December 3, 2009
A clinical trial comparing immune responses of healthy pregnant and non-pregnant women to an inactivated 2009 H1N1 influenza vaccine has begun enrolling volunteers. A total of 300 women—200 pregnant, 100 not—will be enrolled at six sites nationwide.
Pregnant women are at higher risk than non-pregnant women of developing severe illness as when infected with the 2009 H1N1 influenza virus. This is the first trial to directly compare the immune responses of pregnant and non-pregnant women to the vaccine. The trial also will determine if the immune response in pregnant women, as measured by the amount of antibodies produced, differs depending on whether they receive a larger or smaller dose of vaccine. At delivery, cord blood also will be tested to determine the level of maternal antibodies present in the infant at birth.
The study participants, who are between 18 to 39 years old, will receive 2009 H1N1 vaccine manufactured by Novartis. All the non-pregnant women and half of the pregnant women will receive a single 15-microgram dose of vaccine, while the remaining 100 pregnant women will receive 30 micrograms of vaccine, given in two 15-microgram doses in a single visit. Two injections are required because the trial will use pre-measured, 15-microgram doses of vaccine.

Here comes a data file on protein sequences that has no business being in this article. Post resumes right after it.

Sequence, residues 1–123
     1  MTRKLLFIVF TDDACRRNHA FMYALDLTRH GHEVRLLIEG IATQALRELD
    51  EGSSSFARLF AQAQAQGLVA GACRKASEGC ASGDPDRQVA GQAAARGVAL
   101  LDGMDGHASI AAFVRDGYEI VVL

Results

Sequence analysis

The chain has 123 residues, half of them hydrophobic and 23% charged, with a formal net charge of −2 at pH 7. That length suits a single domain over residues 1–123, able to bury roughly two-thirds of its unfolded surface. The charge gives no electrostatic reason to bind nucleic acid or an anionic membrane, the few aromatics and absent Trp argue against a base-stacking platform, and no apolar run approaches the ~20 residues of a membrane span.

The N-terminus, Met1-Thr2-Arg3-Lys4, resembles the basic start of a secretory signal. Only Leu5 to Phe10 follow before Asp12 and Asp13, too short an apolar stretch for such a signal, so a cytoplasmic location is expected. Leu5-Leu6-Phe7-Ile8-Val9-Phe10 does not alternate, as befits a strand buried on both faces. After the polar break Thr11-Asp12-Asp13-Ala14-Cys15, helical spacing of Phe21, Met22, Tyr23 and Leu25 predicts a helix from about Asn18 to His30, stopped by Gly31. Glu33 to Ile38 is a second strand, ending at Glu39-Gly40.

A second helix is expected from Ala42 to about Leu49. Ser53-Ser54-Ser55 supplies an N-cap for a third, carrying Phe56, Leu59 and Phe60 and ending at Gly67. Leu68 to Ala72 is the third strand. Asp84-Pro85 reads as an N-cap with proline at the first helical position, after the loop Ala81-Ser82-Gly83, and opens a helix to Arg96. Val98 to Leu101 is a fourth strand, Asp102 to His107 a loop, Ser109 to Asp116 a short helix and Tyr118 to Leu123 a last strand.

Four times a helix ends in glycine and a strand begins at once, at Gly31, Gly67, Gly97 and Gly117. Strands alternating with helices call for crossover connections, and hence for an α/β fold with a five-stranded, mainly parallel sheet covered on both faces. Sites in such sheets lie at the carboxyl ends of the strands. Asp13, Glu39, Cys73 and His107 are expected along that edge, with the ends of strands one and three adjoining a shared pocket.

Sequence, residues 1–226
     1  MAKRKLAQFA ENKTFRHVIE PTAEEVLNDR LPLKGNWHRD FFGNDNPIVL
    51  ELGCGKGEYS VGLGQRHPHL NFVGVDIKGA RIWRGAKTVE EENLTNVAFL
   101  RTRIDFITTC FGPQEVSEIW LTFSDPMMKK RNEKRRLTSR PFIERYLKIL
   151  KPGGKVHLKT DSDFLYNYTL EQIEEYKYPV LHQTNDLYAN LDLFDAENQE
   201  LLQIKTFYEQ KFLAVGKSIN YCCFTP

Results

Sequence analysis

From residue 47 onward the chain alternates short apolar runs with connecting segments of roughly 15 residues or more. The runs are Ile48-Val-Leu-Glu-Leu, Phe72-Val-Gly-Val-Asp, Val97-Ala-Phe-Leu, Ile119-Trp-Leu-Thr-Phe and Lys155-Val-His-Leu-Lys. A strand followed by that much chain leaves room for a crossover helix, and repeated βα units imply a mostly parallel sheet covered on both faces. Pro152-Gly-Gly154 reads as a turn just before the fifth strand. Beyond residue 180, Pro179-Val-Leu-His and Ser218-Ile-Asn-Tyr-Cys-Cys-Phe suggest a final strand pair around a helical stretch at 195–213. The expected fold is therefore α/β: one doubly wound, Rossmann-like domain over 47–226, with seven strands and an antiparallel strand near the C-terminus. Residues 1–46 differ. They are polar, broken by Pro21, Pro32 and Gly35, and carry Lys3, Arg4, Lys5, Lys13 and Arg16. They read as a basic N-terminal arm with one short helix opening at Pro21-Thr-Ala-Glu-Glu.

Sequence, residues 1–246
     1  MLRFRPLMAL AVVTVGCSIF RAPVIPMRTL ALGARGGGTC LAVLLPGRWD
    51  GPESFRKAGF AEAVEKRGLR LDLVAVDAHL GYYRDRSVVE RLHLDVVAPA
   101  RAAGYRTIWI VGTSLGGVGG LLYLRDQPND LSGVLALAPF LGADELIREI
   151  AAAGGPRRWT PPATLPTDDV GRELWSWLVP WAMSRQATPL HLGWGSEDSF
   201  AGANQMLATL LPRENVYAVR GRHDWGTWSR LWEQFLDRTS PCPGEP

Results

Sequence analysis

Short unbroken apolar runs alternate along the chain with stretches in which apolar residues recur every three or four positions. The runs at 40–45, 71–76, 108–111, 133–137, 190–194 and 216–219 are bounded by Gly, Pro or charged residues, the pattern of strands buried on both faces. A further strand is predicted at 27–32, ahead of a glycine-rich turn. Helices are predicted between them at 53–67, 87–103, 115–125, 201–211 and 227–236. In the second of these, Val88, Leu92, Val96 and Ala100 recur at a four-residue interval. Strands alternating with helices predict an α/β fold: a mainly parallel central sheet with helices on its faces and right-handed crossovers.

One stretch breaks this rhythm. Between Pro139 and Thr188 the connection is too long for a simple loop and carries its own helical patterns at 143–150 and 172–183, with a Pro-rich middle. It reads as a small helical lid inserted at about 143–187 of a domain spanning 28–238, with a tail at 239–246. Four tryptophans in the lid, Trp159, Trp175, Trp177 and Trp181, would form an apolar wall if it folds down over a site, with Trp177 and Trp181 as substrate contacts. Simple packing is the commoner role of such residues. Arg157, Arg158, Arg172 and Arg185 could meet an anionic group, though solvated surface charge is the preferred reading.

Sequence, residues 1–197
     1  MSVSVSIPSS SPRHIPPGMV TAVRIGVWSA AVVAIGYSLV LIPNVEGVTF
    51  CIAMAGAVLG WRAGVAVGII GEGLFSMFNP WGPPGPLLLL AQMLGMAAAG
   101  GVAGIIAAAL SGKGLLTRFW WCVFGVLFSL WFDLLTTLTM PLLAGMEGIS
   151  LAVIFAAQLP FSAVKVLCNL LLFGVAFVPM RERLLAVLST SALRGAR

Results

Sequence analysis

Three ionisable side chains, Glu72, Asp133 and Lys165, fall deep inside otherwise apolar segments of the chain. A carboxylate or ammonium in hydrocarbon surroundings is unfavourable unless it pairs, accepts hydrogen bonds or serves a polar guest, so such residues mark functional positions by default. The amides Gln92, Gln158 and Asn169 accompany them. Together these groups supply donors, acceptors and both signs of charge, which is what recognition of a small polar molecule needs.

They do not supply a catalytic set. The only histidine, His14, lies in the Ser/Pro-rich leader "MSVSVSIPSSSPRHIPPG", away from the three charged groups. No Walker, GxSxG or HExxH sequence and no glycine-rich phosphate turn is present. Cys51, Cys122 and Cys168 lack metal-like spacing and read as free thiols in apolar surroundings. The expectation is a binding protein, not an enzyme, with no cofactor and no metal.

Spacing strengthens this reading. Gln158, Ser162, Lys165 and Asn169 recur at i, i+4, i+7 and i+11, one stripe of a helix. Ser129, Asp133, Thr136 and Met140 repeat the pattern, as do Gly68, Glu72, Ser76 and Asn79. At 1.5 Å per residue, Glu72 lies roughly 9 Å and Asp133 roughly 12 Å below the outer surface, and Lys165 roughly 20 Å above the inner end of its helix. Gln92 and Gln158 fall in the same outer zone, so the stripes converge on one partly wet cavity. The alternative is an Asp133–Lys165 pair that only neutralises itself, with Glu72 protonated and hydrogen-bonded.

The study is sponsored by the National Institute of Allergy and Infectious Diseases (NIAID), part of the National Institutes of Health. The study is being conducted through the NIAID Vaccine and Treatment Evaluation Unit (VTEU) network.
Clinical Trial Sites
For more information about this trial, see H1N1 Vaccine in Pregnant Women.
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Last Updated December 03, 2009